"There's no bogey in that room. But there was—and may still be—death in it."- Lord Mantling (Carter Dickson's The Red Widow Murders, 1935)
Paul Halter's La chambre du fou (The Madman's Room, 1990) is the fourth recorded case of his primary series-characters, Dr. Alan Twist and Inspector Archibald Hurst, which has recently been translated and published by the proprietor of Locked Room International, John Pugmire – who recently also edited and published a massive locked room anthology entitled The Realm of the Impossible (2017). But I'll get to that One Thousand and One Nights of miraculous crimes and impossible problems later this month.
So, for now, let's take a gander at The Madman's Room, which is Halter's take on the "room that kills" variety of the (semi) impossible crime. However, I should note here that the book has been tagged by everyone as a locked room mystery, but the plot is actually a how-was-it-done centered around a cursed room (c.f. John Dickson Carr's "The Devil's Saint" from The Dead Sleep Lightly, 1983). I decided not to tag this blog-post as a locked room or impossible crime.
The cursed room here is part of "a well-proportioned XVIIth century stone construction," named Hatton Manor, of which the oldest part had been built by "a knight who fought in the Hundreds' Years War" and witnessed Joan of Arc being burned at the stake – a horrifying spectacle that continued to haunt him upon his return to England ("we burnt a saint"). Some believe that the guilt-ridden knight went mad and burned down the original structure, but he would not be the last person to lose his mind on that premise.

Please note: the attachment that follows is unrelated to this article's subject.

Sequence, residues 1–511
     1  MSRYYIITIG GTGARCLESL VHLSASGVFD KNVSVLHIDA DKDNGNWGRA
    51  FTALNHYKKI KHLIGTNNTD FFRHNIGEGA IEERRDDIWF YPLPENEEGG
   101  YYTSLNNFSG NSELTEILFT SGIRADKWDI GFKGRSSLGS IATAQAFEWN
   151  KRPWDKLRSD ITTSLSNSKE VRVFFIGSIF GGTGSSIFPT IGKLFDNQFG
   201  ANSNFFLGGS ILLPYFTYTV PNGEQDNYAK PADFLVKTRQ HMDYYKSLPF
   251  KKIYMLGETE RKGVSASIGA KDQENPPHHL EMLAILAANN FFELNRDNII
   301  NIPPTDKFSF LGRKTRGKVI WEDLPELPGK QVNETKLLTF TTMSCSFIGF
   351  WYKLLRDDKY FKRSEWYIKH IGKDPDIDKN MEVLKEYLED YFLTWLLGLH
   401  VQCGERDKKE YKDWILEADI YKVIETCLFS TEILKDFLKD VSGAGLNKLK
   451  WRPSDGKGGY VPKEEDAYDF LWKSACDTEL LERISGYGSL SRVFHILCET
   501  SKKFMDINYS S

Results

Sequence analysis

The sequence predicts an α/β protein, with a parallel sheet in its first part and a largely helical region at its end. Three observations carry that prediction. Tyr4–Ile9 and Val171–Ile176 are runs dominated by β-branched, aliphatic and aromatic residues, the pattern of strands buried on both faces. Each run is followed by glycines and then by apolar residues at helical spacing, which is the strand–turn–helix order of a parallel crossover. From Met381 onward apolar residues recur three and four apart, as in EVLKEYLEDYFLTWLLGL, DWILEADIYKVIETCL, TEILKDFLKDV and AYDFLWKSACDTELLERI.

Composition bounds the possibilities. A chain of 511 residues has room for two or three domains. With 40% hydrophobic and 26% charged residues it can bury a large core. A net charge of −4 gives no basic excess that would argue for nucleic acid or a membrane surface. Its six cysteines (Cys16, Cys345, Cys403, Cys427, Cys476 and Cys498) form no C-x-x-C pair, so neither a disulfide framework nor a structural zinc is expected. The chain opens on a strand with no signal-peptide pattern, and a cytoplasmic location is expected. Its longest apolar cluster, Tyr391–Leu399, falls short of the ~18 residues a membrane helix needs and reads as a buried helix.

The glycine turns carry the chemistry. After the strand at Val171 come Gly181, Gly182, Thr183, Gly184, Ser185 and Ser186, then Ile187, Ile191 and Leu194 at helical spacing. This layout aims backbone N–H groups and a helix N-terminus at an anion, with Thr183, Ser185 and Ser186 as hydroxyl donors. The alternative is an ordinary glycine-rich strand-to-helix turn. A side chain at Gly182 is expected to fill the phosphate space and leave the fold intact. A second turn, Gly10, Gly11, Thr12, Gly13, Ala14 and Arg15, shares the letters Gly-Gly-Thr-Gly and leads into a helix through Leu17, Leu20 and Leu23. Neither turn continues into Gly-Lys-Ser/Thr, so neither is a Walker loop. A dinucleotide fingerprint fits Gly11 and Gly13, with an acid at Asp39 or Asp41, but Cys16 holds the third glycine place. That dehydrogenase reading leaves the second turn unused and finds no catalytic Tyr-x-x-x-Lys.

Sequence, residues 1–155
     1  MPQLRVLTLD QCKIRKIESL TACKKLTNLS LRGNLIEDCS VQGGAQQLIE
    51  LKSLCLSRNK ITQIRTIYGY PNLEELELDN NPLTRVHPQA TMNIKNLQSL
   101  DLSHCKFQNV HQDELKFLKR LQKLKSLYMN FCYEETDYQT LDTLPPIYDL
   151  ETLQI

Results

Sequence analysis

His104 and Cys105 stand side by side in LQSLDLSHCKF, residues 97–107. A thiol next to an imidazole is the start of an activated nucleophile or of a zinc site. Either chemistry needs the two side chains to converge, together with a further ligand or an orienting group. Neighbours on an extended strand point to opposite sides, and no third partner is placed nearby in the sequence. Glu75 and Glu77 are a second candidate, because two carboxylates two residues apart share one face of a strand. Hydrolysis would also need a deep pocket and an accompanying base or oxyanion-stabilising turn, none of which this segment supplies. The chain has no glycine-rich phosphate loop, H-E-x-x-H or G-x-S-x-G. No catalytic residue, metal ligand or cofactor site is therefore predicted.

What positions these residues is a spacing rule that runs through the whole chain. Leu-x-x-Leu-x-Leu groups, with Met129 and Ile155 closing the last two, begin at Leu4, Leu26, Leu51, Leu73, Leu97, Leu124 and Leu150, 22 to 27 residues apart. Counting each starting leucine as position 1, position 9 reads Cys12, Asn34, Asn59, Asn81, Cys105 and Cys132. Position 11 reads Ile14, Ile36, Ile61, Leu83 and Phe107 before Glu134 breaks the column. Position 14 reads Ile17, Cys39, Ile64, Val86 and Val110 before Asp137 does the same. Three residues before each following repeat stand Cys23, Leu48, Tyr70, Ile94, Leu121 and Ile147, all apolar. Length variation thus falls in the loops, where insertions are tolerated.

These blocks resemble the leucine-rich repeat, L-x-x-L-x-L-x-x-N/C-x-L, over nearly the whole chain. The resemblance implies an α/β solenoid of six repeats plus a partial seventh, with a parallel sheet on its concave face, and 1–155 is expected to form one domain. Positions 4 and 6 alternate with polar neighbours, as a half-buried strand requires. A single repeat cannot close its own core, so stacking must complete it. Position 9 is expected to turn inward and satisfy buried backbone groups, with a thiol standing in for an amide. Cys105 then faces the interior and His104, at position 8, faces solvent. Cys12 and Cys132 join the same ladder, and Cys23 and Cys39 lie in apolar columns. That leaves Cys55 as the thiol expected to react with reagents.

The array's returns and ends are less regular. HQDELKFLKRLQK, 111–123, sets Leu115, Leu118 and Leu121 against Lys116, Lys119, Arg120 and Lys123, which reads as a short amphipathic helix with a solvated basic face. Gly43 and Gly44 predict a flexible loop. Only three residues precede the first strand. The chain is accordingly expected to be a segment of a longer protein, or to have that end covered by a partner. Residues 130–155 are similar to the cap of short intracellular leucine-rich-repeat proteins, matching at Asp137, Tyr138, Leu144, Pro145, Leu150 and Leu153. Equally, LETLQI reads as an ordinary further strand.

At the end of the 19th century, Hatton Manor was the home of Stephan Thorne and his family, which included a brother, Harvey, who had the promise of "a future literary genius." Harvey had been given his own room on the upper floor where night after night, year after year, he filled "ream after ream of paper." After two years, Harvey had completed a bulky, handwritten manuscript, but when his father read the manuscript a change came over him, grew ill and passed away. Everyone else who read the manuscript was left in a state of shock and Harvey was ordered to never take his accursed writing out of his room ever again.